1 Dr. Neander alludes probably to the “opposition” of Tertullian. It will clearly appear, however, (in the next section) that his remarks were against the baptism of children, not bubes.

MYERs, in his commentary on Acts xvi. 15, also sus. SECT.

IV. tains the same position: “ Baptism without faith never appears [in the Scripture, and is contrary to Matt. xxviii. 19, [the commission.] The early and continued opposition to infant baptism would have been inexplicable if it had been an undoubted apostolical institution.”n

“ GESENIUS, being informed, in conversation, that the baptists in America reject infant baptism, and baptize only adults, on profession of faith, replied : 6that is perfectly right; that is according to the Bible.'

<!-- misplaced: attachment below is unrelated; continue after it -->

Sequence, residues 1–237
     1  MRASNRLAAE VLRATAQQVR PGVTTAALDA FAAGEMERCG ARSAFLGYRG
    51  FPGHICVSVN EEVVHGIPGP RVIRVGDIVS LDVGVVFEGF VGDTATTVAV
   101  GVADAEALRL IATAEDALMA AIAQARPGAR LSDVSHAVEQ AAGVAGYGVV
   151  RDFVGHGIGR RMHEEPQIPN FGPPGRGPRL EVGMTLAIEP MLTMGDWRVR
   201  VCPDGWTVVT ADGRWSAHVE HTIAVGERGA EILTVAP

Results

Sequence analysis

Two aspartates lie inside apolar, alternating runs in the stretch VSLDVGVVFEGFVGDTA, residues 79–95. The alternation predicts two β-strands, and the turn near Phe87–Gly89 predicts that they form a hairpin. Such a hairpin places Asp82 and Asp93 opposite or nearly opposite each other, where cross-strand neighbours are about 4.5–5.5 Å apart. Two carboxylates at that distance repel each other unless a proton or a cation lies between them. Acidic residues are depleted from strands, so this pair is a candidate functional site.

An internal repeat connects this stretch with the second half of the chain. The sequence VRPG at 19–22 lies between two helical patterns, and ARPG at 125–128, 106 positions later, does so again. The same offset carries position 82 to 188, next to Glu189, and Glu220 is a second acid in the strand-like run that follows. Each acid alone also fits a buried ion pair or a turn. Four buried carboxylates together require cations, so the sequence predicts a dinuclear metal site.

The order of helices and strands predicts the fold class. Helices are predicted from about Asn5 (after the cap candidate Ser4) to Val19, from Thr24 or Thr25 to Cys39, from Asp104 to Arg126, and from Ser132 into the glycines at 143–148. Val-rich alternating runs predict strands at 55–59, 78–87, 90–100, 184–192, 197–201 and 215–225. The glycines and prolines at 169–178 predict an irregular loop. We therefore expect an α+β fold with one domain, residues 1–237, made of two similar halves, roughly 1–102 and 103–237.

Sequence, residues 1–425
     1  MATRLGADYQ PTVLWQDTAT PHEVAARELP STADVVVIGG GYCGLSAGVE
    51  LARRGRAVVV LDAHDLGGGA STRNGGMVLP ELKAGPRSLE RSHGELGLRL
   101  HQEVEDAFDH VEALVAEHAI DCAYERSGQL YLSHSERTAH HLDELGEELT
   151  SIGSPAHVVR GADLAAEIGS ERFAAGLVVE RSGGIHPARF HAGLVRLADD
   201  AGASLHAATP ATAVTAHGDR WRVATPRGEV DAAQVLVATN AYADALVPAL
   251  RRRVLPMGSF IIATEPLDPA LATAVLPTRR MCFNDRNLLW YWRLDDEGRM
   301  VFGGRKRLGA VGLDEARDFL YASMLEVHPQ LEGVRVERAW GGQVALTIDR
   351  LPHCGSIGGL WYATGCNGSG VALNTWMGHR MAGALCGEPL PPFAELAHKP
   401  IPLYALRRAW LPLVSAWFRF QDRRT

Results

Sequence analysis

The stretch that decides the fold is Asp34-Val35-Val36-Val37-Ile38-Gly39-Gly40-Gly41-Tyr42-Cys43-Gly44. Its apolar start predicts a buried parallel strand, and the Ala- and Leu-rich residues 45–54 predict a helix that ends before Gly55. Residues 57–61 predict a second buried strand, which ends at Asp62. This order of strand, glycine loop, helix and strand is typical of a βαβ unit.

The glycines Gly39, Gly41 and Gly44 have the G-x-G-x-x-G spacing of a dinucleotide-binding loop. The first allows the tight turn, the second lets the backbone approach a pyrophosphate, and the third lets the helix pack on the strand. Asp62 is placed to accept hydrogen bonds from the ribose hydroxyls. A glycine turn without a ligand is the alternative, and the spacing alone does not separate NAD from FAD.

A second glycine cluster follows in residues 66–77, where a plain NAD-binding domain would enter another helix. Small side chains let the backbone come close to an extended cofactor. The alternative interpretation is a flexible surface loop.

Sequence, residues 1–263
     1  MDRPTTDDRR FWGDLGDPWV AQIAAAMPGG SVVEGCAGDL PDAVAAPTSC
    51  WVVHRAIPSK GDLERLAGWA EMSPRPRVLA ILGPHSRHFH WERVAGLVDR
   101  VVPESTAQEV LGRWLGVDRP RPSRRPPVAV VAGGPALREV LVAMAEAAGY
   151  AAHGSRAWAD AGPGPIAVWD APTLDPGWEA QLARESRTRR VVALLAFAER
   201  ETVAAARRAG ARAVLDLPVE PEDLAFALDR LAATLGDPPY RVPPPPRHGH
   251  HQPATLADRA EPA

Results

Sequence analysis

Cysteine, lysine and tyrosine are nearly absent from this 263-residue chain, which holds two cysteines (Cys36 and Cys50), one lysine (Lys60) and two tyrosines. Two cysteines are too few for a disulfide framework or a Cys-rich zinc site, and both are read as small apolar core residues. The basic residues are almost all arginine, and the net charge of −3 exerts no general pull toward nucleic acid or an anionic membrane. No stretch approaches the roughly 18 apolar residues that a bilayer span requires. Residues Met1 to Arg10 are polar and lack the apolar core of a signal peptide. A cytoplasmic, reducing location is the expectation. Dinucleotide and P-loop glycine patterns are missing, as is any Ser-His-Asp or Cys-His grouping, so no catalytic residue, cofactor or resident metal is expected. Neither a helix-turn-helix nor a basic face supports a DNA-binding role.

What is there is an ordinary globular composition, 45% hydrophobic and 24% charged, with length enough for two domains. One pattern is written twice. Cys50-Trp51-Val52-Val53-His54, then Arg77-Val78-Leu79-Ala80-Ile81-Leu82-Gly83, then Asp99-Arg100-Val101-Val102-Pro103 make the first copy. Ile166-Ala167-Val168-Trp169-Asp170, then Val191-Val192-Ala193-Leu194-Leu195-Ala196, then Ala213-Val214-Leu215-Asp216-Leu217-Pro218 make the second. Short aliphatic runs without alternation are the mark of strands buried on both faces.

One more attestation from an historian, (one of those whom Dr. Miller would term “neither a theologian nor sectarian,") the celebrated MENZELL, and for the present I will forbear. “One of these last (abuses) was infant baptism, a departure from the original form of the sacrament, which had existed for centuries in the church, which, indeed, very pertinent reasons can be offered,) but it is nevertheless a DEPARTURE.” p

[ocr errors]

(for

Although, however, there is no evidence in favour of Proof from

Justin Marthe existence of infant baptism, in the first century, tyr that inthere is decisive evidence against it. It is clear that fant bap.

tism did not Justin Martyr, who lived one hundred and forty years exist in the after the Christian æra, knew nothing of it. The German writer, SEMLER," says: “From Justin Martyr's description of baptism (Second Apol. p. 93,) we learn that it was administered only to adults. He says, “We were (corporeally) born without our will (kať anagkën)-but x27’dvezeno